The founders of the American Vincentians, Felix De Andreis and Joseph Rosati, considered the conversion of the Native Americans one of the main purposes of the American mission, although this was not an official objective. Efforts to this end were relatively few due to a lack of personnel and resources, and the more urgent need to serve American Catholics. In 1824, while ministering to Catholics in the Arkansas Territory, John Mary Odin and John Timon said mass among the Kappas-on-Arkansas (Quapaw). In 1837, other Vincentians went to the Osages in what is now Oklahoma. These two ventures were considered major missionary journeys. In the intervening period, the Vincentians had increased contact with the Shawnees, Delawares, and Peorias living near the Barrens. Missions were planned but not accomplished. Odin later worked among the Karankanwa and Comanches in Texas, establishing schools for them. This article gives extensive references from first-hand encounters with the Native Americans and summaries of their beliefs as understood by the Vincentians of the time.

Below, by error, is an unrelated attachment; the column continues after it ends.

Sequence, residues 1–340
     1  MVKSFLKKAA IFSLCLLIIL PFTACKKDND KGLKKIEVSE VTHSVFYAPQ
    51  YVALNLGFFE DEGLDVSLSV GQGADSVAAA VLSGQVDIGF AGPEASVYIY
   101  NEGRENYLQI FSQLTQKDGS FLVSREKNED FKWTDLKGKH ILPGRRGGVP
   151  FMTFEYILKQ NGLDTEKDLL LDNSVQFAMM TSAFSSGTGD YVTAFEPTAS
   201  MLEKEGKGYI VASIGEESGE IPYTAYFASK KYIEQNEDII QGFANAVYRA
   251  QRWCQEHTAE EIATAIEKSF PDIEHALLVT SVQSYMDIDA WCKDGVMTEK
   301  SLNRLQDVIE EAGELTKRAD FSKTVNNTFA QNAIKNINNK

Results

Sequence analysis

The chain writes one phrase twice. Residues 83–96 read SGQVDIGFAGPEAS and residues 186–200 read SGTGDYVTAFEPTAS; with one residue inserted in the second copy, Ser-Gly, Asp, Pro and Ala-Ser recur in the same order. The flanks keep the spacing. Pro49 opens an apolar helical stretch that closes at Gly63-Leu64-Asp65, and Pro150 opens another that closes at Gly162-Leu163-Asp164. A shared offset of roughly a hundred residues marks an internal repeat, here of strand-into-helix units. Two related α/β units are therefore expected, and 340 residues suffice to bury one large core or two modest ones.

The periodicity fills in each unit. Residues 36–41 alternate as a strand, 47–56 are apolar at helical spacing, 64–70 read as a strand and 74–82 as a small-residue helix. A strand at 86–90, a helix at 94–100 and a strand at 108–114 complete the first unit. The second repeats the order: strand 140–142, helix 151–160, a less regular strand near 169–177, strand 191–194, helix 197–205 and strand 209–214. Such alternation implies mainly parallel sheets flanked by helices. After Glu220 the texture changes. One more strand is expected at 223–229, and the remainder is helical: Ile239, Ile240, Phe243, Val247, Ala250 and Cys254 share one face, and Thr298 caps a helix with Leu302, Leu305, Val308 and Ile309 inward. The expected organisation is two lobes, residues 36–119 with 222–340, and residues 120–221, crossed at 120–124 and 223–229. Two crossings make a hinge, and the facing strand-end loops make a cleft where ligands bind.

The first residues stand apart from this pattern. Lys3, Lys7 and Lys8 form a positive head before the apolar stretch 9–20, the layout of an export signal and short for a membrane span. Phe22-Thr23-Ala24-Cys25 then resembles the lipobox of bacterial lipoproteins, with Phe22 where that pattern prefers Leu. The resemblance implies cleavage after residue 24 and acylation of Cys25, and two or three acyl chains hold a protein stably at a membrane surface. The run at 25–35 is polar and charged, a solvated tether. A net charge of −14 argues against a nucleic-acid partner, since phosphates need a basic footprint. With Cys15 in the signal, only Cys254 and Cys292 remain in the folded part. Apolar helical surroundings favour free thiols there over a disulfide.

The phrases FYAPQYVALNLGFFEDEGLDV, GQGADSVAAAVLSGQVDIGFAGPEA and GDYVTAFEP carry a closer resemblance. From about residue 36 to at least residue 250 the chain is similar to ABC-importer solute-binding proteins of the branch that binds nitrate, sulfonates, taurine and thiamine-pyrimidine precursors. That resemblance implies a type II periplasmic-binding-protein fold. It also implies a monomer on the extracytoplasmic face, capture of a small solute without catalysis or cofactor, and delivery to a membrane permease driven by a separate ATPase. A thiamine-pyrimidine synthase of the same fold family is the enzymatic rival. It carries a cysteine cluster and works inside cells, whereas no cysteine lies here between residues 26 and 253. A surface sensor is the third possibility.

Rybolt, John E. C.M., Ph.D.
"Vincentian Missions Among Native Americans,"
Vincentian Heritage Journal: Vol. 10
, Article 3.
Available at: http://via.library.depaul.edu/vhj/vol10/iss2/3